A Lot or a Little?
What you will—and won't—find in this TV show.
The show takes an expansive view of sexuality -- it doesn't surprise anyone that both a husband and wife develop a sexual entanglement with an appealing man they both know. Though the show is set in a remote Texas city, the show generally resists the small-town mockery that's a common comedy trope. A strong female character is at the show's center, and men are depicted with unusual sensuality and sometimes even objectified in a way similar to how the women often are; whether that's a positive or negative message is up to the viewer.
Positive Role Models
Chris and Sylvere are rather unlikable, both a bit braggy, selfish, and self-important. As fish out of water, though, they're relatable, and the actors who play them are appealing enough to make them even lovable.
Sex, Romance & Nudity
The show revolves around a married couple's sexual attraction to another man. There are graphic references to sexual acts and body parts, characters have sex with thrusting and groaning, men are shown nude from the rear, and sex is very frequently referred to.
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Lots of cursing and strong language: "hell," "s--t," "motherf--king," "f--k," "f--king," "sucks," graphic words for sexual acts and body parts.
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Drinking, Drugs & Smoking
A character smokes pot out of a pipe and refers to a "wake and bake"; another character rolls and smokes his own cigarettes; adults drink wine at dinner (no one acts drunk).
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Parents Need to Know
Parents need to know that I Love Dick is a mature show about a husband and wife whose relationship is altered by their mutual romantic and professional entanglement with another man. The show's primary focus is sex and love; expect to see characters having sex with thrusting, groaning, sweating, and graphic talk. Men are shown nude from the rear; body parts and sexual practices are talked about frankly. Expect frequent cursing and strong language, including "hell," "s--t," "motherf--king," "f--k," "f--king," and "sucks." One character smokes pot from a pipe, adults drink wine at dinner and parties, and a main character habitually rolls and smokes his own cigarettes. This adult look at marriage, fine art, sex, and love won't interest young viewers, but it's also well-written and has an unusual focus on female desires, with women at the center of the action.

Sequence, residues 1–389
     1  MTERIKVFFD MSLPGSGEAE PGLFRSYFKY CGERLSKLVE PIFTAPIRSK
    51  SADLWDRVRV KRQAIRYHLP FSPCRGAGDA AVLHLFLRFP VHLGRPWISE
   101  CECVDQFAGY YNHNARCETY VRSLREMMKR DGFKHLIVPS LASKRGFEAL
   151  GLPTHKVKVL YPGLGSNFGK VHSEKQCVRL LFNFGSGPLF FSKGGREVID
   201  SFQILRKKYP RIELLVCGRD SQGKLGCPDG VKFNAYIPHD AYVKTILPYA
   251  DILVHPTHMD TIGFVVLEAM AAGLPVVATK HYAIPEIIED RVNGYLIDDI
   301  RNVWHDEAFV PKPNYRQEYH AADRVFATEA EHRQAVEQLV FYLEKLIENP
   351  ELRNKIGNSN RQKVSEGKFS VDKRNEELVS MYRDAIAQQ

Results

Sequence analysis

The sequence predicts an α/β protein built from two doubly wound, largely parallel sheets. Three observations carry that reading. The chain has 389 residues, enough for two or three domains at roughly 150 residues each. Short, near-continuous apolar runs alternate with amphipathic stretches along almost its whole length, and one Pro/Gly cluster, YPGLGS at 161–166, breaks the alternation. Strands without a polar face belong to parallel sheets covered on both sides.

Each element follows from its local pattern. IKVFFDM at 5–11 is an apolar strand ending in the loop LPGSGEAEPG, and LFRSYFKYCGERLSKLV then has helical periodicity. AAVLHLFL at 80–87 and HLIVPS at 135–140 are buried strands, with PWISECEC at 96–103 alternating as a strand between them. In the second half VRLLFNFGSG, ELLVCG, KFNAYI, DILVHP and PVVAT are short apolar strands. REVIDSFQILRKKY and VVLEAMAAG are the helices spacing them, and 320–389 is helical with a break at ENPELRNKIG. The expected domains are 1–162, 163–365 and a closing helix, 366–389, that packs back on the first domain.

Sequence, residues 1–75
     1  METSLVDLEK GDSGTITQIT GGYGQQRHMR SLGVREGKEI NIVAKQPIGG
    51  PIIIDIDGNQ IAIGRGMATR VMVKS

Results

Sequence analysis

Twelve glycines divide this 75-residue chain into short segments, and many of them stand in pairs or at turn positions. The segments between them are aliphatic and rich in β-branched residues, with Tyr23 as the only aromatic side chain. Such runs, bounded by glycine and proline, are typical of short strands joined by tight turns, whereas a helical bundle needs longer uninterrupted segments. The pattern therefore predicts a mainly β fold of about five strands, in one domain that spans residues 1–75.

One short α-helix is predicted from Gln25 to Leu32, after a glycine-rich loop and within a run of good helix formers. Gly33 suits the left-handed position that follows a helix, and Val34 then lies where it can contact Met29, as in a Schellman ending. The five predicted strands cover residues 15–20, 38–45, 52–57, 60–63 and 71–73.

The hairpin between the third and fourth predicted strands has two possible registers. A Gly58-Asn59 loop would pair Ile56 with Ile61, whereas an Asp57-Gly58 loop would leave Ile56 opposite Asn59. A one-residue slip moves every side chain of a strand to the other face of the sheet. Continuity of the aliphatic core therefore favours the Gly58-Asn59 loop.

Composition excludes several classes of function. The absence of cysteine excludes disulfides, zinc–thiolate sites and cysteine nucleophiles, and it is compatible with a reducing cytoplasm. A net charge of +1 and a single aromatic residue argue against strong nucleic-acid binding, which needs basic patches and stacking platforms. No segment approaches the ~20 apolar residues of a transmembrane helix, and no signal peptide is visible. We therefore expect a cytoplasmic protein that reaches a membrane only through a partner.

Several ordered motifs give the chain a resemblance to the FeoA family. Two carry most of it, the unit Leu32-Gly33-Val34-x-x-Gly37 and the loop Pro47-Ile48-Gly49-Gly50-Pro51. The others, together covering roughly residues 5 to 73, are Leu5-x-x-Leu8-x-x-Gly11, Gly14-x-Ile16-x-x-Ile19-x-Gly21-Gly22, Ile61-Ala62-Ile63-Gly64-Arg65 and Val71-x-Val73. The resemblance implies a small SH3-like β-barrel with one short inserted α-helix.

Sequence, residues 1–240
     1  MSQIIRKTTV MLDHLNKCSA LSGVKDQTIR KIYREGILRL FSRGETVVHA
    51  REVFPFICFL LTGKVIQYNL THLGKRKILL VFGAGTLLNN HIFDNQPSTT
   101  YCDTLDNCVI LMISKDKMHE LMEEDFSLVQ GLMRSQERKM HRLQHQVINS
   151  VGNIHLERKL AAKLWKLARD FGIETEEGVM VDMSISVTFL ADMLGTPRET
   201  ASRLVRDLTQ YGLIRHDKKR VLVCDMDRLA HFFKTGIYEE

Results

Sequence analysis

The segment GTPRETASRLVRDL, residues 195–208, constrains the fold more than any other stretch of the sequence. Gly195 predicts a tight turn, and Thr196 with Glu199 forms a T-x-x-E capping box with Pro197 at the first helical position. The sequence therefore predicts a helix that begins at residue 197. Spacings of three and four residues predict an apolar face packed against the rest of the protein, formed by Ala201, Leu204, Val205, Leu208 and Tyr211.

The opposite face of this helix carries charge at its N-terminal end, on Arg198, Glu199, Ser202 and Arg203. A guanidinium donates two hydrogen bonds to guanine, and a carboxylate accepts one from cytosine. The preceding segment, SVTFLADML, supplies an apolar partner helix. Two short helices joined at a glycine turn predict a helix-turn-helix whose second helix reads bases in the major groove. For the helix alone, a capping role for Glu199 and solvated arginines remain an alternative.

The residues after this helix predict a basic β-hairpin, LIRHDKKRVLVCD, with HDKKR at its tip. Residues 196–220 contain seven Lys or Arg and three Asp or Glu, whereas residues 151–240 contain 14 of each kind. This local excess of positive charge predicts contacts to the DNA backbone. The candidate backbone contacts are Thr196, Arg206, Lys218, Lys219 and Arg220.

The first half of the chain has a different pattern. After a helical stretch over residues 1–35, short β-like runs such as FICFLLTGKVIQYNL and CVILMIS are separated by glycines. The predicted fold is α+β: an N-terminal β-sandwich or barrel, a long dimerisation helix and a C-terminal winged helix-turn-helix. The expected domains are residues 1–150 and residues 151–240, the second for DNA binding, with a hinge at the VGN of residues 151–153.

Is It Any Good?
Showrunner Jill Soloway has been vocal about her desire to invent a cinematic language for the "female gaze," and in this smart, subtle, sexy show, she's done it. Chris is messy, arrogant, and pretentious, as well as being fascinating, and erotically enraptured by her husband's new temporary boss in a way women are seldom allowed to be on-screen. Her very first encounter with Dick, in which he rides down the street in Marfa like some type of mythical cowboy, reduces her to stares and blushes, and by the time she's writing her first letter to Dick (excerpts of which open and close the show and are scattered randomly between vignettes), her fantasy vocabulary has expanded to forceful kisses and trysts in restaurant bathrooms.
It's not just the way Chris is depicted that's unusual, though. Soloway and her all-woman band of writers and directors also show Sylvere and Dick in an atypical light. The camera lingers on Dick's lean body; watching, Chris' mouth literally drops open. In contrast, Sylvere's shortcomings are quietly telegraphed -- his prissy suits, his snarky asides, the way he whoops with self-congratulatory pride after ending a sexual "drought" with his wife. I Love Dick is a show with things to say about what women want and what they accept; despite the title's focus on Dick, it's what Chris wants that's really what this series is interested in.
Did we miss something on diversity?
Research shows a connection between kids' healthy self-esteem and positive portrayals in media. That's why we've added a new "Diverse Representations" section to our reviews that will be rolling out on an ongoing basis. You can help us help kids by suggesting a diversity update.